the "no good Perl jobs"/"no good Perl programmers" myth

Nicholas Clark nick at
Sun Aug 6 23:23:45 BST 2006

On Sun, Aug 06, 2006 at 12:00:25AM +0100, Tara Andrews wrote:
> On 8/5/06, Nicholas Clark <nick at> wrote:
> >We keep hearing that it's really hard to find decent Perl people, yet from
> >the other side it seems that it's really hard to find decent Perl jobs.
> >[...]
> My language of choice, and the one with which I have by far the most
> experience, is Perl.  But when I have job-hunted, I have almost never
> looked for a "Perl job".  I look for a job that fits my general skill
> set (hybrid sysadmin / programmer; my current job is basically
> "release engineer and build/distribution infrastructure programmer".)
> Jobs that call themselves "Perl jobs" are almost never ones that
> interest me, but I have always managed to find an interesting one that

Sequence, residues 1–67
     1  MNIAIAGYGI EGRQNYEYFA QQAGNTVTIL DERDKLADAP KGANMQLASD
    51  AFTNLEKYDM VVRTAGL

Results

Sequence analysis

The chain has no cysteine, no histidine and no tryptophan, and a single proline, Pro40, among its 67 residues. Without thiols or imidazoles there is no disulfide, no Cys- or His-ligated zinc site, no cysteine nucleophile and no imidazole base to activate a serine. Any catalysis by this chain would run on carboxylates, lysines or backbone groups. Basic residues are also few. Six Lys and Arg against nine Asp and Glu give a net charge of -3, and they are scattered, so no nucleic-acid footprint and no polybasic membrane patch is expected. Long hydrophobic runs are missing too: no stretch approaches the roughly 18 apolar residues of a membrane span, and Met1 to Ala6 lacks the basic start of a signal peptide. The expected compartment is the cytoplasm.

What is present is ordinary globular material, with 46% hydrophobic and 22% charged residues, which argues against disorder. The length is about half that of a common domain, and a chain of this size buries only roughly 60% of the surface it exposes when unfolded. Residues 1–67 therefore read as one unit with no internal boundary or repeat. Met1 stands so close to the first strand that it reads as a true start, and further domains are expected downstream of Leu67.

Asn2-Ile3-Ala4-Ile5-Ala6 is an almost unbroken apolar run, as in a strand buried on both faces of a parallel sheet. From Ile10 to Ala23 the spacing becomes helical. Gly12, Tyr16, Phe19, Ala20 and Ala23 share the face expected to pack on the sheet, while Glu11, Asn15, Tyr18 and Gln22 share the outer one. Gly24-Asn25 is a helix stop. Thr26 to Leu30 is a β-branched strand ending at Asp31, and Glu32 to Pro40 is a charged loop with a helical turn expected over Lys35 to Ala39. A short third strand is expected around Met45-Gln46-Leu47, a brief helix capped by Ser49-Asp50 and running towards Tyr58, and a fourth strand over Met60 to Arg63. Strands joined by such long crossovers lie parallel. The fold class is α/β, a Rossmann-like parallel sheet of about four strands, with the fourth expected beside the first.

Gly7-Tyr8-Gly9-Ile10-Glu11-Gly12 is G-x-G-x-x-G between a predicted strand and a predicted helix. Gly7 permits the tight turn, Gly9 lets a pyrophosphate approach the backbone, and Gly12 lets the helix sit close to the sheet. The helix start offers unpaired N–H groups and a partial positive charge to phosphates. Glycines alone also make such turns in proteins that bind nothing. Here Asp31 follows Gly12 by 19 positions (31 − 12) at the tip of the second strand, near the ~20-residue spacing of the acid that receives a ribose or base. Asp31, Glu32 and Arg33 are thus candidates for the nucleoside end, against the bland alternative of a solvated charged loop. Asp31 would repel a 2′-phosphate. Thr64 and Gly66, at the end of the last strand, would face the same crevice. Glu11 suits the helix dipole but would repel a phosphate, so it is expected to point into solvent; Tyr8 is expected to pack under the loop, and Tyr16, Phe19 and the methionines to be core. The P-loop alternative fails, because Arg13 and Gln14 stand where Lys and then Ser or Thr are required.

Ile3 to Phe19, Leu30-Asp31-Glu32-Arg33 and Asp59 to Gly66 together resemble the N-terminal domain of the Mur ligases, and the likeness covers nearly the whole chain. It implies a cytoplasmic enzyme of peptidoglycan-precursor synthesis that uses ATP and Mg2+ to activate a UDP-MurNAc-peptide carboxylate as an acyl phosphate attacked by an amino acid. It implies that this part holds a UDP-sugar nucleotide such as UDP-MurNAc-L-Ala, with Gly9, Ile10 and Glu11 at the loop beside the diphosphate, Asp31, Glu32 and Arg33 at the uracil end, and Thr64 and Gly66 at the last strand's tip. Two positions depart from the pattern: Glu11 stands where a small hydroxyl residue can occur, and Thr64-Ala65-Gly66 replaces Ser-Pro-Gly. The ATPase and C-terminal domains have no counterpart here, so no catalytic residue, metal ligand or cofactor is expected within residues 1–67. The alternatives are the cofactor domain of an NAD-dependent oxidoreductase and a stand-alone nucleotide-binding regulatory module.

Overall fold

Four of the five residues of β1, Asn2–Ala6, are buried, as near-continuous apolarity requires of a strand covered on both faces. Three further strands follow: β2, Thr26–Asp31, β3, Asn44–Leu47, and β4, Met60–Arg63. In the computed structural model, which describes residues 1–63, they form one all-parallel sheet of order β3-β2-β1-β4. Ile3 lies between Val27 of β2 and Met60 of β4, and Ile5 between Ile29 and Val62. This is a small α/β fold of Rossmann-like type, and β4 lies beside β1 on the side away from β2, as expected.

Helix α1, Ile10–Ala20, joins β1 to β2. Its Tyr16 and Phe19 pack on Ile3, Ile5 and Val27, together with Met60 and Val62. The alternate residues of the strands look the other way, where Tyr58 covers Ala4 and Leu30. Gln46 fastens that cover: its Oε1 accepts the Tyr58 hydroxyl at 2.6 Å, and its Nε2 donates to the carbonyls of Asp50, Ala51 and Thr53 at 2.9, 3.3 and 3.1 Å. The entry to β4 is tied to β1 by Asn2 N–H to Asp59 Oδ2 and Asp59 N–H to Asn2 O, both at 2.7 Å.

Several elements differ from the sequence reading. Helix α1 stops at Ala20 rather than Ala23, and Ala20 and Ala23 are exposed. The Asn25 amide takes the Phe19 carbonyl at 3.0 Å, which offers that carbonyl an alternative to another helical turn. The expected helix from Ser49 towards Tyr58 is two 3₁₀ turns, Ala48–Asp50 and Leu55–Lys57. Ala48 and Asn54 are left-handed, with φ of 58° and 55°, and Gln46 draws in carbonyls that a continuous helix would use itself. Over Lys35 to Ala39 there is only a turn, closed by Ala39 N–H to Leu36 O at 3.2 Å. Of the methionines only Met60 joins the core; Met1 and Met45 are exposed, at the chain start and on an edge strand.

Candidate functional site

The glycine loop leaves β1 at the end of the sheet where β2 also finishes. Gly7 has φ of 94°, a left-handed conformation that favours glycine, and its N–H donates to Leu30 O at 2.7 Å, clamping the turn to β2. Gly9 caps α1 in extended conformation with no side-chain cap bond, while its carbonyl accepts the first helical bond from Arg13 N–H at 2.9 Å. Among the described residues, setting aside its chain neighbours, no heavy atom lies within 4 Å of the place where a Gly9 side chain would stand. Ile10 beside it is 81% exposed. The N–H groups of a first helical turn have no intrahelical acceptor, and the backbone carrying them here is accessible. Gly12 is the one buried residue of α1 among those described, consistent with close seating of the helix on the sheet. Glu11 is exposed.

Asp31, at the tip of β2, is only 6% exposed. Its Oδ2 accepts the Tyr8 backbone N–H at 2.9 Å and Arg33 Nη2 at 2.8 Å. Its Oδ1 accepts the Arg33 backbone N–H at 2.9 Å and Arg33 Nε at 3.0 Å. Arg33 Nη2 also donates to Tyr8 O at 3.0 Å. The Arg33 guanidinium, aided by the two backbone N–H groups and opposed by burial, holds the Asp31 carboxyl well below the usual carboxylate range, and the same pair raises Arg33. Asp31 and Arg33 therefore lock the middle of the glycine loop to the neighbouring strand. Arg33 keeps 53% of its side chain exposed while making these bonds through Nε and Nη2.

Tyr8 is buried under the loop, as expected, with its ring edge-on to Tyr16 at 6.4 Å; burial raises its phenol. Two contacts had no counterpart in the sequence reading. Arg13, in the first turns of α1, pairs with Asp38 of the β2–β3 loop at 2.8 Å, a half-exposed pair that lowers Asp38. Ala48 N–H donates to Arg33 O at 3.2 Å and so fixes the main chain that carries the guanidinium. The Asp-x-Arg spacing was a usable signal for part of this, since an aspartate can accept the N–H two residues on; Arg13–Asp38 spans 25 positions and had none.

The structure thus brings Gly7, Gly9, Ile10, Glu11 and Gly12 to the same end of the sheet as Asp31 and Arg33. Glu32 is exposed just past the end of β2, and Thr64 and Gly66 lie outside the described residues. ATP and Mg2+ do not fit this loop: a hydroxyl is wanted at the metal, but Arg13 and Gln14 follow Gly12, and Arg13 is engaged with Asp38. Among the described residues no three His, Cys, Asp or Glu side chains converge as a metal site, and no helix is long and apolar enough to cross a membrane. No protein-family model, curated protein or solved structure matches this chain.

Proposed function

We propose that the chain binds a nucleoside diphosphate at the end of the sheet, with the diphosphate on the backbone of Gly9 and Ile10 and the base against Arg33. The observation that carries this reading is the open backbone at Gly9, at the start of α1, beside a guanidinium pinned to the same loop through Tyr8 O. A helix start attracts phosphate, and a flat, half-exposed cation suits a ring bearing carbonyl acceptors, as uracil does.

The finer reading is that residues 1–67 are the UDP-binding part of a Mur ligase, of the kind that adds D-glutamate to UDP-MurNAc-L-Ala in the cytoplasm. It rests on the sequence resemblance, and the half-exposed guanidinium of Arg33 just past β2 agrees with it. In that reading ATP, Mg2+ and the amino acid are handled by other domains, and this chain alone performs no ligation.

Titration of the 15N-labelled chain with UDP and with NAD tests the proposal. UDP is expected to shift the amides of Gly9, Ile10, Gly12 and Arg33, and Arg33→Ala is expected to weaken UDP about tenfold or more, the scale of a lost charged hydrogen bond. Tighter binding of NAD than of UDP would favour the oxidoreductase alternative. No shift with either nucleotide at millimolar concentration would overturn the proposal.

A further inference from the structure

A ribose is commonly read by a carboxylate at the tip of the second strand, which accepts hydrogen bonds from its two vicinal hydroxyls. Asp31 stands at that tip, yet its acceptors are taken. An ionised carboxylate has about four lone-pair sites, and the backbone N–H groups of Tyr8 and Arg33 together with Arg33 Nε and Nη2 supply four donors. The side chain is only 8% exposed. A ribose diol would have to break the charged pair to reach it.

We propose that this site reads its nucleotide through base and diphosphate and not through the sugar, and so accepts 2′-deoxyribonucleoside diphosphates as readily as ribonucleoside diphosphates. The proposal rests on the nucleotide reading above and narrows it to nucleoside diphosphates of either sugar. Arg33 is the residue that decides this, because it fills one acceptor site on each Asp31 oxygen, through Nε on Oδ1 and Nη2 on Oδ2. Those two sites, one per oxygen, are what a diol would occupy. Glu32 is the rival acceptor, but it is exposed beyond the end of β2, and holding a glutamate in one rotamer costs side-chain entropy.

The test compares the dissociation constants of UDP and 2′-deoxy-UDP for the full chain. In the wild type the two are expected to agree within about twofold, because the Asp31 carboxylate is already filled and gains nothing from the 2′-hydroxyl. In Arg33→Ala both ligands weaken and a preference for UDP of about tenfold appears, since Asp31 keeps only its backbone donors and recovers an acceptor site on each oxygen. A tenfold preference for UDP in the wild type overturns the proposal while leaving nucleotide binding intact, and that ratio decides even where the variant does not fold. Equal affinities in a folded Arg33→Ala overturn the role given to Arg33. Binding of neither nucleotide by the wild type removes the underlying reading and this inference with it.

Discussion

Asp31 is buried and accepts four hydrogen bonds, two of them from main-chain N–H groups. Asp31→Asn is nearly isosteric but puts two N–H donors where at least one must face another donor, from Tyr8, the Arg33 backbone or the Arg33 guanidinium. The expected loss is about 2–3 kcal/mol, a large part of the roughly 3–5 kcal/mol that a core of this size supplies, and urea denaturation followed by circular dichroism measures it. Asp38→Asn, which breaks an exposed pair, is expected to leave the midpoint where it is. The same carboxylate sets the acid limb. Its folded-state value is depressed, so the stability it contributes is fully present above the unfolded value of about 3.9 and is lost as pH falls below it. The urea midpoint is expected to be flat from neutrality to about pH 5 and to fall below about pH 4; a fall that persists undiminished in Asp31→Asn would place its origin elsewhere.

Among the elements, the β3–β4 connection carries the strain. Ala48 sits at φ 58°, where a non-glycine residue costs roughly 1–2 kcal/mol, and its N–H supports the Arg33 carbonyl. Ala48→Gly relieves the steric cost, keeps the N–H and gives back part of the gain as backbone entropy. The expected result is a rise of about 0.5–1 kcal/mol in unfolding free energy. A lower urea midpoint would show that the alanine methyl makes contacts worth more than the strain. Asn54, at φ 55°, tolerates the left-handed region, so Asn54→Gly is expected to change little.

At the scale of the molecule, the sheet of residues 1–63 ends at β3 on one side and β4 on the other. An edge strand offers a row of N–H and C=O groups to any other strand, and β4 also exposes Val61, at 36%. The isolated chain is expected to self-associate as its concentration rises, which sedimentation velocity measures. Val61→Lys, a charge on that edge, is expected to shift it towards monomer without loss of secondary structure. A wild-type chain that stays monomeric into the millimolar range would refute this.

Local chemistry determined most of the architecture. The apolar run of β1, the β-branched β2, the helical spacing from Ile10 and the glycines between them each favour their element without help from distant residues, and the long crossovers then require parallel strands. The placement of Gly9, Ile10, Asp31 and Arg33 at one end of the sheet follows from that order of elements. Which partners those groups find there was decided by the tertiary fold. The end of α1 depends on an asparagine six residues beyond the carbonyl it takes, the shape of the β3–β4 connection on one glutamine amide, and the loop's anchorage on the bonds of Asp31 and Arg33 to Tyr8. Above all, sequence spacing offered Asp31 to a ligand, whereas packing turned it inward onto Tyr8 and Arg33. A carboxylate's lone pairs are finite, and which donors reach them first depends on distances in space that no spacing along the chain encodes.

> went under a different name.
> Perhaps this is part of the problem?

I've never been looking for anything with "Perl" in the title. I've been
looking at the job description, and what skills were desired, looking for
an interesting developer job that looks like it would be happy to let me
utilise my language of choice. (No, that's not profanity and blasphemy,
even if sometimes it seems that way. Nor is it C)

Most of the "developer" jobs that mention Perl as one of the key skills seem
also to want HTML, CSS and JavaScript. Most appear to be for small companies
- either "act as lead on developing/maintaining our company website" or
"work for our business that makes websites for other people". Making websites
doesn't really interest me, but that's because I don't like writing user
interfaces, possibly because they consist of lots of independent simple
problems. I like complex problems that resist decomposition. Small companies
aren't useful, because I'm interested in the computer technology, rather
than their line of business, but they make their money from their line of
business (rather than writing their website in (say) Smalltalk
( )) Hence to do their job well one needs to be
excited (or at least sated) by their core business, and one can't expect to
have an career progression without moving on.

Gah. We're back to me again. That wasn't my plan.

Nicholas Clark

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